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Headlines for Monday, January 16, 2023

News Summary updated image
Emily Fisher

Kansas Farmers Raise Concerns over Feral Hogs

WICHITA, Kan. (KWCH) - Feral hogs have been spotted roaming around parts of Kansas. According to KWCH TV, a Garden Plain police officer posted a video of the animals to the department's Facebook page after receiving reports of people seeing the hogs. On Saturday, more feral hogs were reported near Lake Afton. Farmers in the area north of Garden Plain say they’ve dealt with feral hogs on their property before and they’re hoping it won’t become a major problem. The animals can cause major damage to crops. The American Farm Bureau federation says feral hogs have caused more than $2.5 billion in damages to agriculture, livestock and the environment.


Canadian Oil Company Will Have to Reimburse Kansas for Some Funds Associated with Cleanup

WASHINGTON COUNTY, Kan. (KNS) - The Canadian energy company that spilled nearly 600,000 barrels of crude oil in north-central Kansas will have to reimburse some of the taxpayer money spent on the cleanup, but not all of it. The Kansas News Service reports that TC Energy has to repay what the state of Kansas and the Environmental Protection Agency spend on supervising the cleanup of the oil spill. But not all costs will get reimbursed. For example, the federal government can’t bill TC Energy for the cost of sending workers from the agency that regulates pipelines. Local emergency crews also helped when the pipe broke last month. Washington County says TC Energy will reimburse its costs.


Tensions Mount Between Kansas Democratic Governor and GOP Legislature over Budget Surplus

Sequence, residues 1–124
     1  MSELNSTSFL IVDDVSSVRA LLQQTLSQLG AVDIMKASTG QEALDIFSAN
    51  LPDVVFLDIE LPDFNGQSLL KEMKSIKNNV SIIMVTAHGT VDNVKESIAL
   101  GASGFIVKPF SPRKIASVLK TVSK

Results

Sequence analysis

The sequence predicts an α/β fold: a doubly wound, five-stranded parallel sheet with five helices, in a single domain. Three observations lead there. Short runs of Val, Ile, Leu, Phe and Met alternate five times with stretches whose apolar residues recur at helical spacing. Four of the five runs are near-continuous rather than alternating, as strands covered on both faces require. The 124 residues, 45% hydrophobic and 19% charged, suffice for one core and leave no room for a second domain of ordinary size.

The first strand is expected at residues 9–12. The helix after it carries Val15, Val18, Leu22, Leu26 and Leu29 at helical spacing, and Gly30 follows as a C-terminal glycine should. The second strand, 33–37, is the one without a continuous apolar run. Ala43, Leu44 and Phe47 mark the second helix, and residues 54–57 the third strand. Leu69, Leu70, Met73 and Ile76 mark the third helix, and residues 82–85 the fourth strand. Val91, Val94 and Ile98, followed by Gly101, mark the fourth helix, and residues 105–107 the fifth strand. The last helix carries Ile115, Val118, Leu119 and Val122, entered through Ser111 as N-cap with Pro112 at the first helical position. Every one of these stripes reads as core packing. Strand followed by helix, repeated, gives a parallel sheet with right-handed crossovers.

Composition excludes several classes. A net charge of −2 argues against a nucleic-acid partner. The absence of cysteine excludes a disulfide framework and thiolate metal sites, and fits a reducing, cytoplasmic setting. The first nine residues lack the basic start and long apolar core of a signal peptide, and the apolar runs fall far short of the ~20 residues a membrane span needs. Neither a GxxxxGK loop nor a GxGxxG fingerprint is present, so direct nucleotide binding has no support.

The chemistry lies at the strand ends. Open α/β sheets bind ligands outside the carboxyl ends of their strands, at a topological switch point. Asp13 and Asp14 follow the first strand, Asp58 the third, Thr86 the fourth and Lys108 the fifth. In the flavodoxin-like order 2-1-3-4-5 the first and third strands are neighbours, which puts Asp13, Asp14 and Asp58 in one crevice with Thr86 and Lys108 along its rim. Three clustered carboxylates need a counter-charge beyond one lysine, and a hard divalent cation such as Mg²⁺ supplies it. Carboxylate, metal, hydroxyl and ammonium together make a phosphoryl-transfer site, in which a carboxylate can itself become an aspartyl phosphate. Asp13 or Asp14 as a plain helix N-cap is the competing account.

TOPEKA, Kan. (Fox News) - Democratic Governor Laura Kelly and the Republican-controlled Kansas Legislature are headed toward big fights over spending on special education programs, pay raises for government workers and how much the cash-flush state should sock away for worse economic times. Kelly released budget proposals last week that include depositing $500 million into the state's rainy day fund, giving state workers a 5% pay increase across the board and phasing in a 61% increase in spending on programs in K-12 public schools for children with special needs.

Top Republican lawmakers want Kansas to set aside at least $1 billion of its current surplus as a hedge against future budget shortfalls. Fox News reports that the GOP chairs of the House and Senate budget committees have misgivings about giving an across-the-board pay raise to state workers, and the chair of a House committee on education spending questioned whether the extra money for special education is necessary.

Kelly, who won a second term in November, already was headed toward a clash with Republican legislators over how best to cut taxes. The state is projecting $3.2 billion in surplus cash in its treasury at the end of June 2024 and nearly $1 billion more already in the rainy day fund. The Legislature is set to remain in session until early May. Kelly's biggest tax proposal is eliminating the state's 4% sales tax on groceries, while GOP leaders want to create a "flat" income tax, rather than having multiple tax brackets for filers.


Kansas Senator Jerry Moran: FAA Systems May Need Updates, Modernization